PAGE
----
How the NFL and the Lions Learned To Love the Sportsbook

BetMGM is the official betting partner of the team
BetMGM
BetMGM — the sportsbook arm of MGM Grand Detroit that offers a sports lounge in the casino — is the official betting partner of the Detroit Lions. // Photograph courtesy of MGM Grand Detroit

Here’s a fun fact: The mega-famous, now-clichéd “What Happens Here Stays Here” campaign for Las Vegas was launched with a stunt in which the destination’s tourism board tried to buy time to air one of its ads during the 2003 Super Bowl knowing the NFL would probably reject it.

When that inevitability became reality, the Vegas bosses turned to the media to publicize the obvious hypocrisy of America’s most violent pro sport — the one fueled by nonstop beer ads — claiming to be too “family-friendly” to handle cheeky vignettes about visits to casino-resorts. Cable and sports news gifted Vegas with millions of dollars in free air time running the WHHSH ads as they reported on and discussed the delicious controversy.

That’s the background for just how wild, for those who have kept tabs on such things, it is that the BetMGM, the sportsbook arm of MGM Grand Detroit, is now the “official betting partner” of the Detroit Lions. To many, such a marketing alliance seems obvious and logical, especially given that Ford Field five years ago branded its luxury club where fans can watch through a glass wall as the players enter and exit the locker room in MGM Grand’s honor.

Yet it feels worthwhile to take stock of how radically the NFL-casino relationship changed in a stunningly short time. Just six years ago, NFL Commissioner Roger Goodell told NBC Sports, “As you know, we fought legalized gambling, sports gambling, for a long time, most recently here in New Jersey, and I would see our position in the same vein going forward.” And he was correct — about the history. In 1991, Goodell’s predecessor, Paul Tagliabue, led the charge to get Congress to ban sports betting in any state that didn’t already allow it. At the time, Nevada was one of only three states that did. “It is a matter of integrity,” Tagliabue testified at a House hearing on the measure. “It is a matter of the character of our games, of the character of our fans, and a matter of values — especially the values that we in professional sports and our athletes represent and transmit to the youth of this country.”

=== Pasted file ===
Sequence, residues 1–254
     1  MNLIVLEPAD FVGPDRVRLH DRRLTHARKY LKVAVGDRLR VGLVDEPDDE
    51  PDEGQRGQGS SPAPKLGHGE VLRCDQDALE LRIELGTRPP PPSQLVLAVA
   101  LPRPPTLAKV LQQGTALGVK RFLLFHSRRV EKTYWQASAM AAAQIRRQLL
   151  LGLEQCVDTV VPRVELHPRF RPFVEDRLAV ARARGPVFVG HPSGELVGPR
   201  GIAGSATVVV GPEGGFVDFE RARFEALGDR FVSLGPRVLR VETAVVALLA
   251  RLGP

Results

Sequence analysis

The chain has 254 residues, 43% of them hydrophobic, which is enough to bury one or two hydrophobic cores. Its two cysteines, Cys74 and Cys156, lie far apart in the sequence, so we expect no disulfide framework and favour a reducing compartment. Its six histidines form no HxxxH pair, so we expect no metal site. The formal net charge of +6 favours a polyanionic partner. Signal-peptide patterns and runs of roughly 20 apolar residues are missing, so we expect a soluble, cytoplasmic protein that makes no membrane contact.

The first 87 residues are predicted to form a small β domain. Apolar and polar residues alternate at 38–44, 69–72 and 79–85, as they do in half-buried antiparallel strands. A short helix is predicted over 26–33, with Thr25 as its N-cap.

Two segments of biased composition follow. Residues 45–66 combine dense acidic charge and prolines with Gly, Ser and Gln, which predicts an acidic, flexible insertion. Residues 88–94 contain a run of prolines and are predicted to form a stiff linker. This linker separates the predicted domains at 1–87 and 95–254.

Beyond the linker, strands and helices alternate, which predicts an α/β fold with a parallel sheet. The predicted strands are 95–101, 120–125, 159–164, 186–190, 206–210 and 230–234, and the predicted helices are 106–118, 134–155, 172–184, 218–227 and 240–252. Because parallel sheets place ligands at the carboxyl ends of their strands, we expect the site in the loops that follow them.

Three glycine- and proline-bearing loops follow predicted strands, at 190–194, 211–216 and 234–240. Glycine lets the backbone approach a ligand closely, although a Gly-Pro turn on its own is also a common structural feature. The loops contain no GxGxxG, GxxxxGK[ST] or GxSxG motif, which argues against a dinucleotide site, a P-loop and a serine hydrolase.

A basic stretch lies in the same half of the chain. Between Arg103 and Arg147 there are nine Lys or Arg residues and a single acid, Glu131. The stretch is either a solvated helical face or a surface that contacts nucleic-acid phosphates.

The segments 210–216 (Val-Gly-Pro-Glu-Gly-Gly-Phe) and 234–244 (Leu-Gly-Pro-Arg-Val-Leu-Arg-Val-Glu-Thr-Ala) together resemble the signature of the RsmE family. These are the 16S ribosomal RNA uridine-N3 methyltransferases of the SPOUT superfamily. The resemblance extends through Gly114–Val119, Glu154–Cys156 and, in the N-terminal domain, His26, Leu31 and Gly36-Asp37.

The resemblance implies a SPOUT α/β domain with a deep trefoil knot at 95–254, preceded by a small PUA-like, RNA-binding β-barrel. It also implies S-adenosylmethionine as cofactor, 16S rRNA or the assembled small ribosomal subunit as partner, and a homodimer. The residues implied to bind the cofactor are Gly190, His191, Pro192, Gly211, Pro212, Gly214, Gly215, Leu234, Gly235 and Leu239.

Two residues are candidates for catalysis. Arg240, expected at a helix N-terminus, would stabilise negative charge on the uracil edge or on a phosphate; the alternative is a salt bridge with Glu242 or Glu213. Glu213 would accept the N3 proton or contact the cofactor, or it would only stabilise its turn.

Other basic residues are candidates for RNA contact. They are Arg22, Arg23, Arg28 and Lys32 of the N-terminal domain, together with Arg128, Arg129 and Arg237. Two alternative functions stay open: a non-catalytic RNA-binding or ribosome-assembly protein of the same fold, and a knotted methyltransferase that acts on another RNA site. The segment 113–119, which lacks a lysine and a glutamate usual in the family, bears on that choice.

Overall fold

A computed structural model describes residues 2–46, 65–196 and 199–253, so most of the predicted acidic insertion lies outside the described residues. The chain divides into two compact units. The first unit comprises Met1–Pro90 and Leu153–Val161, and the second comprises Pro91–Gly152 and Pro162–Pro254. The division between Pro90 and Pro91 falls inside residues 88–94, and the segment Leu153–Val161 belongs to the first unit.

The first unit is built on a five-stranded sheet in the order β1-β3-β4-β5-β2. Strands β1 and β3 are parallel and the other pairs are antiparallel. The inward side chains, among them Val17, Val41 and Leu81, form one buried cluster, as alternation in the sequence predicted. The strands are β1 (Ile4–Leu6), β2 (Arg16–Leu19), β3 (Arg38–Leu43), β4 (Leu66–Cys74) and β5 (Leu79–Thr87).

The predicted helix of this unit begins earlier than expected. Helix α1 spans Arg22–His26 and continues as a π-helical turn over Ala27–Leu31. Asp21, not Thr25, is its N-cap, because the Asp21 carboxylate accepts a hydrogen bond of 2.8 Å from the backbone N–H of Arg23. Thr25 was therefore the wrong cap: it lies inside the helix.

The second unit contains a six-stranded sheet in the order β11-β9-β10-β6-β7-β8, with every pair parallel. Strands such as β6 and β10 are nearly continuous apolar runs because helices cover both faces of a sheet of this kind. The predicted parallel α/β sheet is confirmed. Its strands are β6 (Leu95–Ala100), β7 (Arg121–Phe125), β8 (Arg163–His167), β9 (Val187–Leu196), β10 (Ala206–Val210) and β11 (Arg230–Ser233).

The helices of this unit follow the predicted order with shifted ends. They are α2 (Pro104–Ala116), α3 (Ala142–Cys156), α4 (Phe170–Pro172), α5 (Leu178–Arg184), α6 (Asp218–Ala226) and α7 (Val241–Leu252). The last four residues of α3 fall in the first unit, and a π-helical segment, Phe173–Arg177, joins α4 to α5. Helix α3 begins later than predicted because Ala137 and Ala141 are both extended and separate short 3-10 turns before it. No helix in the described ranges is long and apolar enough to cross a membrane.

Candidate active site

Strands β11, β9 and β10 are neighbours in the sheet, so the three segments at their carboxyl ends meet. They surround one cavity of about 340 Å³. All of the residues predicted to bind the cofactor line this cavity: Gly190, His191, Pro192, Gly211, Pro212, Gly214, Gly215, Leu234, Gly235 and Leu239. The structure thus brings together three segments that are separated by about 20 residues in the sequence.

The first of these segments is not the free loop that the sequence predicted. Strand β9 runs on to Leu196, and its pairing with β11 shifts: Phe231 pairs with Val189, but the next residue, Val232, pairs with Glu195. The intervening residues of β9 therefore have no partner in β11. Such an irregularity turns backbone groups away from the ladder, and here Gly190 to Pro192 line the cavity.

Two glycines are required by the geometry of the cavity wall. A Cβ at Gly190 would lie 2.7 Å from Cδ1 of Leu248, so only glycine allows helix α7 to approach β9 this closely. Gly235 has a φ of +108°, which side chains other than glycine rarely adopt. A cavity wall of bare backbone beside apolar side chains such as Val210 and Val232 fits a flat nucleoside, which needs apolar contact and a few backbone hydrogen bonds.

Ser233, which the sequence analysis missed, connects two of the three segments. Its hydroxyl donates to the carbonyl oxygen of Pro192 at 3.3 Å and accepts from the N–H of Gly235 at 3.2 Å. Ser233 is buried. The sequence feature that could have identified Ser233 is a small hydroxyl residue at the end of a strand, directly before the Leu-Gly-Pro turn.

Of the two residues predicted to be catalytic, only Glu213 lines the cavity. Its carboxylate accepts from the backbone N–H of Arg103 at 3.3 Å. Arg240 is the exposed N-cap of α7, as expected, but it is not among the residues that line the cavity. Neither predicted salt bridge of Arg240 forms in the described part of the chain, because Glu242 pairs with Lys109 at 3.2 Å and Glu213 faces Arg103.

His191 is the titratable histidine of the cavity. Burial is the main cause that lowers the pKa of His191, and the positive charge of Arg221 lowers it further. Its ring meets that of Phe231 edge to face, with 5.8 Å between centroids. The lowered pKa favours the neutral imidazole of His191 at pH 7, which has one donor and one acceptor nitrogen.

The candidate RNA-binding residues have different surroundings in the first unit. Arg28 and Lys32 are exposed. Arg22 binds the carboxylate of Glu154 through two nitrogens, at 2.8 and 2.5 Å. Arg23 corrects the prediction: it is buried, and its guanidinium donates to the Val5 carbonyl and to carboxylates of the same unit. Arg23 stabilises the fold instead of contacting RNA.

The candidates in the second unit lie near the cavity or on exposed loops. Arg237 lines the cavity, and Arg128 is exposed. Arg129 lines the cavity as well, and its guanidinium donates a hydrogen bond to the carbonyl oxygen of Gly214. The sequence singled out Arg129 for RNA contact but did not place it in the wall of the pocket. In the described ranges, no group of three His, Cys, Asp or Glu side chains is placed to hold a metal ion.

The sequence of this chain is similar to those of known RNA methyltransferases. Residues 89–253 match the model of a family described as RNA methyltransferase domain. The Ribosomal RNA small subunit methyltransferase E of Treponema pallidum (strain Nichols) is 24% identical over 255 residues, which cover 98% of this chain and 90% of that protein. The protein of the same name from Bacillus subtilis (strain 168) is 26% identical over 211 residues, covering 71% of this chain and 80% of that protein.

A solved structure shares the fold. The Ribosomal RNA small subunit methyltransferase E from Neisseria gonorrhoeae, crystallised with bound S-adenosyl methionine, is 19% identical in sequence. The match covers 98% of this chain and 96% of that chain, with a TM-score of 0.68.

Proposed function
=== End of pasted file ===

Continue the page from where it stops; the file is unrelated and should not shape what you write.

The irony of such remarks was that as much as the NFL wanted to distance itself from gambling, fans refused to play ball. Betting on football (both illicit and legal) has often been the only thing making crappy teams interesting to watch, and more people historically flocked to Vegas on Super Bowl Sunday than to whatever city hosted the game.

The first big crack came in 2015 when the NFL allowed fantasy football betting sites to advertise. Then, in 2017, the league OK’d the Raiders’ move from Oakland to Vegas.  And the coup de grace was a May 2018 Supreme Court decision — which the NFL opposed in legal briefs — that struck down the 1992 ban on sports betting in states other than Nevada. That fall, the Dallas Cowboys, New York Jets, and Baltimore Ravens all had casino partnership deals.

And now, so do the Lions.

For more information on BetMGM, visit mgmgranddetroit.com.

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Steve Friess is news and features editor at Hour Detroit and a contributing writer for Newsweek. A Long Island native who earned a journalism degree at Northwestern University, Friess worked at newspapers in Rockford, Illinois, Las Vegas, and South Florida before launching a freelance career in Beijing, China, where he served as chief China correspondent for USA Today. After his return to the U.S. in 2003, he settled in Las Vegas, where he covered the gambling industry and the American Southwest regularly for The New York Times, Playboy, The New Republic, Time, Portfolio, BusinessWeek, Newsweek, New York magazine, and many others. During that time, he created and co-hosted two successful and groundbreaking podcasts, the celebrity-interview show The Strip and the animal affairs program The Petcast. In 2011-12, Friess landed a Knight-Wallace Fellowship for mid-career journalists at the University of Michigan. That was followed by a stint as a senior writer covering the intersection of technology and politics at Politico in Washington, D.C., In 2013, he returned permanently to Ann Arbor, where he now lives with his husband, son, and three Pomeranians. He tweets at @SteveFriess and can be reached at sfriess@hour-media.com.